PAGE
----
Bunchberry Overview

Description A North American native, bunchberry is a charming groundcover with multiseason interest. It starts the show in spring, when its flowers—surrounded by showy white bracts—erupt over glossy green foliage. Enjoy its rich green leaves all summer, then keep your eyes open for the bright red berries (which attract birds) that appear in late summer and early fall. The display doesn't stop until autumn, when bunchberry's lustrous leaves turn pleasing shades of red to purple.   Note: Some botanists have reclassified this dogwood relative to be in its own family, so you may also see it referred to under the scientific name Chamaepericlymenum canadense.
Genus Name Cornus canadensis
Common Name Bunchberry
Plant Type Perennial
Light Part Sun, Shade
Height 6 to 6 inches
Width 6 to 12 inches
Flower Color White
Foliage Color Blue/Green
Season Features Colorful Fall Foliage, Spring Bloom
Special Features Attracts Birds, Low Maintenance
Zones 2, 3, 4, 5, 6
Propagation Division, Seed
Problem Solvers Groundcover

Using Bunchberry in the Garden

An ideal choice for woodland gardens, bunchberry grows beautifully in dappled shade with ferns, woodland phlox, and other native plants. Because it doesn't go dormant in summer, it's a natural partner for ephemeral perennials such as bloodroot, trillium, Dutchman's breeches, snowdrops, and crocus. You can also grow easy-care bunchberry in traditional shade gardens with non-native plants such as hellebore, bleeding heart, lungwort, and astilbe.

Don't have room in the ground for bunchberry? This small-stature and ultra-cold-hardy plant also thrives in containers, where you can enjoy it by itself or mix in shade-loving annuals such as Rex begonia, fuchsia, and torenia.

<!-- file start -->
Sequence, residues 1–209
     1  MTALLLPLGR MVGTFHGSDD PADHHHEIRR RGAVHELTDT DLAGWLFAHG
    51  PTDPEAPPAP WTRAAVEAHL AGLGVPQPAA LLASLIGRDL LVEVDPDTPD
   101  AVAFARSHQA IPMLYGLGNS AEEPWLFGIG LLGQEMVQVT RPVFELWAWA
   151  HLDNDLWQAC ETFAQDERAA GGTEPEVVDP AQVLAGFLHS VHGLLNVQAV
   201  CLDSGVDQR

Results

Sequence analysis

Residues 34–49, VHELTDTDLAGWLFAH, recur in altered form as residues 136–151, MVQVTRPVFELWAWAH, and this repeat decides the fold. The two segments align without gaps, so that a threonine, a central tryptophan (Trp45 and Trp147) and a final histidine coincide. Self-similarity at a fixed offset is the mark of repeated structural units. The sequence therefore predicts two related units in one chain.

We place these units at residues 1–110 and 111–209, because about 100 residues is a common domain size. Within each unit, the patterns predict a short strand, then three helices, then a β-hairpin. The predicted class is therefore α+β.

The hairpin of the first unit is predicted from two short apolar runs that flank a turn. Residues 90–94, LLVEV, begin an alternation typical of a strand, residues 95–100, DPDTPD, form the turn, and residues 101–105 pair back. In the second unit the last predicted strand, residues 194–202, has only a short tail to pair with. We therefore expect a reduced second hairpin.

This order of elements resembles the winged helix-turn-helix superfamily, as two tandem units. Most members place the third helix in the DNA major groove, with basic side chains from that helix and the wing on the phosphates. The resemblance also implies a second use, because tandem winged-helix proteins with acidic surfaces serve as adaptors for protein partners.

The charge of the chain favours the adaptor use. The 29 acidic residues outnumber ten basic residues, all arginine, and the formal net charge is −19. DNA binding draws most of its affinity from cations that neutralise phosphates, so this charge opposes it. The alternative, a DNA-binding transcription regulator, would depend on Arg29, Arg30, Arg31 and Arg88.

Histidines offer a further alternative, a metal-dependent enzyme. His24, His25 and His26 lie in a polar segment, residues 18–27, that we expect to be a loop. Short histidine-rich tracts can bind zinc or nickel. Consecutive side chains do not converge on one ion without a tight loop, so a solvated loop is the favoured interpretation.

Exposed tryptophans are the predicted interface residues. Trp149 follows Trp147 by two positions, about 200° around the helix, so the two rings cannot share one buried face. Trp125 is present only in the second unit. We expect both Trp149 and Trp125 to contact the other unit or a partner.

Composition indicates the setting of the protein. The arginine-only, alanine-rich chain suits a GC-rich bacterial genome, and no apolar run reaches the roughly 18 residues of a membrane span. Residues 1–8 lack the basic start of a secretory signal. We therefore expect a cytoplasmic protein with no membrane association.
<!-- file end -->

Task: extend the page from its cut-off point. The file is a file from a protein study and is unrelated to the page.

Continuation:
Caring For Bunchberry

Grow bunchberry in a spot with full shade, dappled shade, or afternoon shade. Avoid afternoon sun, as it can dry out the plant and cause the foliage to dry prematurely and turn brown. Because it's native to cool regions of North America and Asia, bunchberry dislikes hot-summer areas.

This woodland wildflower does best in moist, acidic, well-drained soil that's rich in organic matter. It benefits greatly from having compost, peat moss, or coconut coir amended in the ground at planting time. If the soil has particularly high clay content, add a top-dressing of 1 to 2 inches of organic matter over the soil after bunchberry's foliage has died back in early winter.

Keep bunchberry moist and happy by spreading an organic mulch around the plant. A 2- to 3-inch-deep layer of a light mulch, such as pine needles, shredded wood, or cocoa hulls, is best. This mulch layer prevents the soil from drying out as quickly and also reduces weeds.

Easy-care bunchberry requires no pruning. So once you plant it, all you need to do is keep it watered in hot weather to enjoy its spring-to-fall beauty.

Plant Bunchberry With:

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